The national drama unfolded with the government supporting Cambodia's call that its new temple map, minus the disputed 4.6km border area, be used for the heritage listing. The government was forced to change its position after the Administrative Court issued an injunction against cabinet approval for the signing of the joint communique.

Thailand also felt Preah Vihear was inextricably linked to the surrounding cultural and natural landscape on Thai territory, and therefore a joint nomination should be made for the listing of the site.

That was the position the present Thai government should have taken and argued for from the very start.

The court's ruling made Mr Noppadon swallow his words and he backtracked on the issue by saying that the joint communique signed on June 18 should not be taken as a guarantee of Thailand's endorsement for Cambodia's latest bid for registration of the temple.

Thailand failed miserably in its efforts to convince Phnom Penh and the technical experts advising the World Heritage Committee in Quebec that the temple should not be listed until the two neighbours settle their border disputes.

If anyone is to be blamed for what has happened it is the Samak administration, for rushing to clinch the deal and support Cambodia's proposal.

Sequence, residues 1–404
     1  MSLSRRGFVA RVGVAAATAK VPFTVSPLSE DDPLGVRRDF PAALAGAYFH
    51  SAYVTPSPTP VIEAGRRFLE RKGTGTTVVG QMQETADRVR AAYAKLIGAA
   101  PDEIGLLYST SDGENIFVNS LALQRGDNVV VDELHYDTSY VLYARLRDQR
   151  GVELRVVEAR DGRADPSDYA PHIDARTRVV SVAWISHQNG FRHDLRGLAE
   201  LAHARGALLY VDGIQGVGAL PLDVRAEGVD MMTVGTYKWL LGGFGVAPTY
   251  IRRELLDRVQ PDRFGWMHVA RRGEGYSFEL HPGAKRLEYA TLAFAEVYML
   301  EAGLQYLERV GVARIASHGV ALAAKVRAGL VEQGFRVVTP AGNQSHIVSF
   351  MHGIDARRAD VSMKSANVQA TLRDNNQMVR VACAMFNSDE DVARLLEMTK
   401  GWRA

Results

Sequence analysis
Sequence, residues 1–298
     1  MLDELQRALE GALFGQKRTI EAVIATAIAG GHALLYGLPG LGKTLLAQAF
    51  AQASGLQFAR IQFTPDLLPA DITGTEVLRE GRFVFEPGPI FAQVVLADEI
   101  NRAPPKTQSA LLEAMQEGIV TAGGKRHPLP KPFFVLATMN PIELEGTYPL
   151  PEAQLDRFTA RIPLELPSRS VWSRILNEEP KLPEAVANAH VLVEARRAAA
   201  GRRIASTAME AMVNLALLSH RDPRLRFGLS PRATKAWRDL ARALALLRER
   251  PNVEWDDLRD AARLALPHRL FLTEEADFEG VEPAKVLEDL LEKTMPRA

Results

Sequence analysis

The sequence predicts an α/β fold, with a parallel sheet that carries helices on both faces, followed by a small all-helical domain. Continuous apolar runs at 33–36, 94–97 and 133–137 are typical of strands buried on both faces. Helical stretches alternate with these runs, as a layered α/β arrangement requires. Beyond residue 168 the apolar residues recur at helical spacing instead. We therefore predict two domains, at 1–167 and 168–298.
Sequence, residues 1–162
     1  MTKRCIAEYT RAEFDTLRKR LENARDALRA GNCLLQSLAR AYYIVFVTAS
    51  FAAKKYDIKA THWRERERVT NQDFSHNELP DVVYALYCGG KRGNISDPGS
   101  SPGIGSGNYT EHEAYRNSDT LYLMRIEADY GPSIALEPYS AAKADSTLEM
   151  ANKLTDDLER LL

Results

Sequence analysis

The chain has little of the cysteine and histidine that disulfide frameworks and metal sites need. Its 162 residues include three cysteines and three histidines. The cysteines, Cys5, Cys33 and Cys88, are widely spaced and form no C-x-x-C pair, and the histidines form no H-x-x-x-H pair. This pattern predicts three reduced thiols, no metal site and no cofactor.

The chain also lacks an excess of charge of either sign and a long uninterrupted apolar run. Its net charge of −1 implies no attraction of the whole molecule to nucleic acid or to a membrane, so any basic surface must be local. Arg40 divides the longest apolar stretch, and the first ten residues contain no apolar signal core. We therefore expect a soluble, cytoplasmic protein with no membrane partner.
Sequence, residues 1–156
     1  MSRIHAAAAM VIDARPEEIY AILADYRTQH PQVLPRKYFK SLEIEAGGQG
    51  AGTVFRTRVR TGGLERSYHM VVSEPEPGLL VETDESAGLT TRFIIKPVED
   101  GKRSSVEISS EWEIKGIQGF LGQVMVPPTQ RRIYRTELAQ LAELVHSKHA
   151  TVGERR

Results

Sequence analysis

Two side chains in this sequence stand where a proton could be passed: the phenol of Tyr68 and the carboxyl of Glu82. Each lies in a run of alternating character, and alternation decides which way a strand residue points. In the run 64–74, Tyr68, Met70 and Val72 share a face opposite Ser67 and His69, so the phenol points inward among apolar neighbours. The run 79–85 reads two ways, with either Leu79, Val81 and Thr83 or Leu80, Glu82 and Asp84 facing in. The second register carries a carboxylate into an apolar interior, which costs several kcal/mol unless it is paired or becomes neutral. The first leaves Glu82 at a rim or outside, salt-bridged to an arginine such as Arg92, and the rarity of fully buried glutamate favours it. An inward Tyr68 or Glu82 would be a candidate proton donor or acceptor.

Another lesson from the Preah Vihear case is that the government cannot afford not to take the advice of experts into account before agreeing to any future proposals, or we may find ourselves in another hopeless situation.

But this should not prevent the two neighbours from cooperating in exploring ways to enhance their mutual respect, friendship, and in the peaceful management of the ancient heritage site that has served local communities of both countries for centuries.

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Former Cambodian Khmer Rouge minister denied bail

The United Nations-backed Khmer Rouge tribunal in Cambodia has dismissed a bail request by former Khmer Rouge cabinet minister, Ieng Thirith.

The presiding judge told the court it was necessary for Ieng Thirith to stay in jail as "there are well-founded reasons to believe" that she committed the crimes for which she has been charged.

The court was also told it is suspected Ieng Thirith is a flight risk and that her detention is necessary to protect her against possible revenge attacks from Khmer Rouge victims.

Ieng Thirith, 76, was minister of education and of social affairs during the Khmer Rouge reign from 1975 to 1979.

She is the wife of former Khmer Rouge deputy prime minister and foreign minister Ieng Sary.

Both husband and wife have been charged with crimes against humanity, while Ieng Sary has also been charged with war crimes.

Ieng Thirith was the third of the five Khmer Rouge leaders awaiting trial whose appeals for release have been denied.

Ieng Thirith's lawyers previously insisted the 76-year-old is mentally ill and in poor chronic health.

However, court officials have said doctors deemed her fit to stand trial.

It has taken three decades to start bringing senior officials of the Khmer Rouge, who left up to two million people dead from overwork, starvation, torture or execution, to trial at the joint Cambodia-UN tribunal.

The court was not established until 2006, and the trials of the regime's five surviving senior leaders are not due to begin until later this year.